Ward 12 Coun. Evan Spencer and his team thought that some good quality maps might help put this McKenzie Towne roundabout issue to bed.
After seeing some of the social media furor after they shared links to the new page, Spencer’s perspective has somewhat shifted.
“Obviously, even good quality maps aren’t going to put this to bed,” he told LiveWire Calgary.
The attempt to clarify the rules around navigating the roundabout was a passion project of one of Spencer’s team members. They live in the area and wanted to find a solution, he said.
The oft-chastised roundabout in the city’s southeast has been a flashpoint in the area since it became operational in 1999. According to information on the Ward 12 page, it was one of the first multi-lane roundabouts in Canada.
The reality is, if you bring up traffic circles and roundabouts, you’ll get a different description of how to use one from each person you talk to. Even the province has a page dedicated to showing you how to use them.
What makes this one even more unique is there are five entry points. If you follow the graphics posted online, there are some nuances to entry and exit depending on which street you gain entry from. Some have single-lane exits, others two lanes.
Spencer said he thinks most people have adapted to the McKenzie Towne roundabout in one way or another. But it becomes a focal point for conversation in the area each time there’s an incident. (Their data says half as many collisions and a lower severe injury rate than a signaled intersection.)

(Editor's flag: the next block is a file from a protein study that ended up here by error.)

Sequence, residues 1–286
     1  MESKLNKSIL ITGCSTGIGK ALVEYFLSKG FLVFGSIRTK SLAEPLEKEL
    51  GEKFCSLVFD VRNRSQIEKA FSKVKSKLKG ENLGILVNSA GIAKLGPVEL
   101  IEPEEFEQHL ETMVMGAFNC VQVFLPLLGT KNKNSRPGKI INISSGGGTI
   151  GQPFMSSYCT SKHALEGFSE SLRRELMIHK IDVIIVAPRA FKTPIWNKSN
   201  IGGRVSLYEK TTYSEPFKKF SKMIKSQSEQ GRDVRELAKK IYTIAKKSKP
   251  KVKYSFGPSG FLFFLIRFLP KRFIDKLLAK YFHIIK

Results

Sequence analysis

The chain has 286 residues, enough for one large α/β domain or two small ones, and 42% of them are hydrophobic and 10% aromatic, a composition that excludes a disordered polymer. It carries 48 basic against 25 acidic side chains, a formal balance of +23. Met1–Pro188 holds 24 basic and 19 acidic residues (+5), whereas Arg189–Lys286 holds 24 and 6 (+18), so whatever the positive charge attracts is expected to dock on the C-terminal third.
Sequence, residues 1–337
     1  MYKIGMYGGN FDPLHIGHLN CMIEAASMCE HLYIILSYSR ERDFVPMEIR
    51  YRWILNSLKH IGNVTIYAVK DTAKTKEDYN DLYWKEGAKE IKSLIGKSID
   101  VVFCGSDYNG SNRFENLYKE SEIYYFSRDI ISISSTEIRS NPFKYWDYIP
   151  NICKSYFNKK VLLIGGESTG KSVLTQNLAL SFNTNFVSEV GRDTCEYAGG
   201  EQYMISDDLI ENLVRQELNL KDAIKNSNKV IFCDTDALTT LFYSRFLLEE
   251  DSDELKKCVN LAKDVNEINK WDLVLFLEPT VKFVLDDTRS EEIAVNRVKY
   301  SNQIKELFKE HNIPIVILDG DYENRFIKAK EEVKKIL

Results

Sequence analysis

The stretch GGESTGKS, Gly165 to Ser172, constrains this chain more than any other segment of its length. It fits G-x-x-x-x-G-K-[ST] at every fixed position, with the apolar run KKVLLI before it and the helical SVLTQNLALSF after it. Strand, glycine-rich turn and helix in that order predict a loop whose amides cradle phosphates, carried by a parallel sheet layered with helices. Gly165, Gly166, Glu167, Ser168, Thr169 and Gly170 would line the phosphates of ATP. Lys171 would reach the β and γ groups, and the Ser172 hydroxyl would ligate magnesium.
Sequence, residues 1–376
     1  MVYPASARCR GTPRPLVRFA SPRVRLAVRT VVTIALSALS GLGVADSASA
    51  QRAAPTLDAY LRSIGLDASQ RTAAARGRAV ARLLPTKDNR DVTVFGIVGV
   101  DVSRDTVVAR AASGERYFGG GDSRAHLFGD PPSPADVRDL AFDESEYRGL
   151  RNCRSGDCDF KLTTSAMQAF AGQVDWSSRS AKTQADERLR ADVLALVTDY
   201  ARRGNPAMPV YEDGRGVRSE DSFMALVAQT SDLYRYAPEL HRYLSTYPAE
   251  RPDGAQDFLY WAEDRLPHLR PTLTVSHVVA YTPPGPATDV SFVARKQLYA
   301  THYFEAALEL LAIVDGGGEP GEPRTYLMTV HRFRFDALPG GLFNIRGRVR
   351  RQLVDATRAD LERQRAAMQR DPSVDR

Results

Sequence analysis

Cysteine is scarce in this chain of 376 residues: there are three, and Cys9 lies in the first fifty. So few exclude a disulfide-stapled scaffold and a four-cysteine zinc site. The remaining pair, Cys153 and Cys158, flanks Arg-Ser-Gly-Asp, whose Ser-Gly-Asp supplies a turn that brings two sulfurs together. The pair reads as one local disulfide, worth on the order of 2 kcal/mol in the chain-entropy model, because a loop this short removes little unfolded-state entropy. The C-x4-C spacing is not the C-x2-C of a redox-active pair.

“If you’ve lived in McKenzie Towne long enough, you’ve had a frustrating moment in that traffic circle,” he said.
“Whether you used it in a way it wasn’t meant to be and got the middle finger, or you were in a close call. I think everyone has a little bit of… it lives in their memory.”
Who’s going to memorize the info?
Copperfield resident and frequent McKenzie Towne roundabout user Nicole Marr didn’t think the graphics were going to help.
“The City is micromanaging which exits you are allowed to take depending on where you enter,” Marr said.
“Who is going to take the time to memorize it all? People are going to continue doing what they’ve always done, which is largely just have a head on a swivel and hope for the best.”
Predictably, the issue has once again ignited debate in Calgary’s southeast. Marr said community Facebook groups “are in an uproar over this.”
“It’s very clear that no one knows how this particular roundabout works,” she said.
Spencer’s feeling the heat on social media. He said his own socials are exploding.
“There are some pretty uncharitable takes on there. Like, ‘you’re a year-and-a-half, and this is the best you can do so far?’” Spencer said.
There are those who are appreciative of the effort, he said. Others are asking if the maps are coming out in a mailer. What’s clear to him, is the debate isn’t going away. At least until physical changes are made. (Though, that may not help either.)
Spencer said they’ll be open to such changes when it comes time to resurface or when the natural lifecycle replacement comes up.
“I don’t think there’s enough of a reason yet to make any structural changes to it, but that conversation is not off the table,” he said.
Marr believes the solution is simple: Make all exits two lanes.
“Then you can exit anywhere regardless of where you entered and there’s no confusion,” she said.
Data on the location included in the online post showed that 16,500 cars and 318 pedestrians use the roundabout daily. Traffic control changes were made in 2014 to clarify use, and a rectangular rapid flashing beacon was installed in 2017.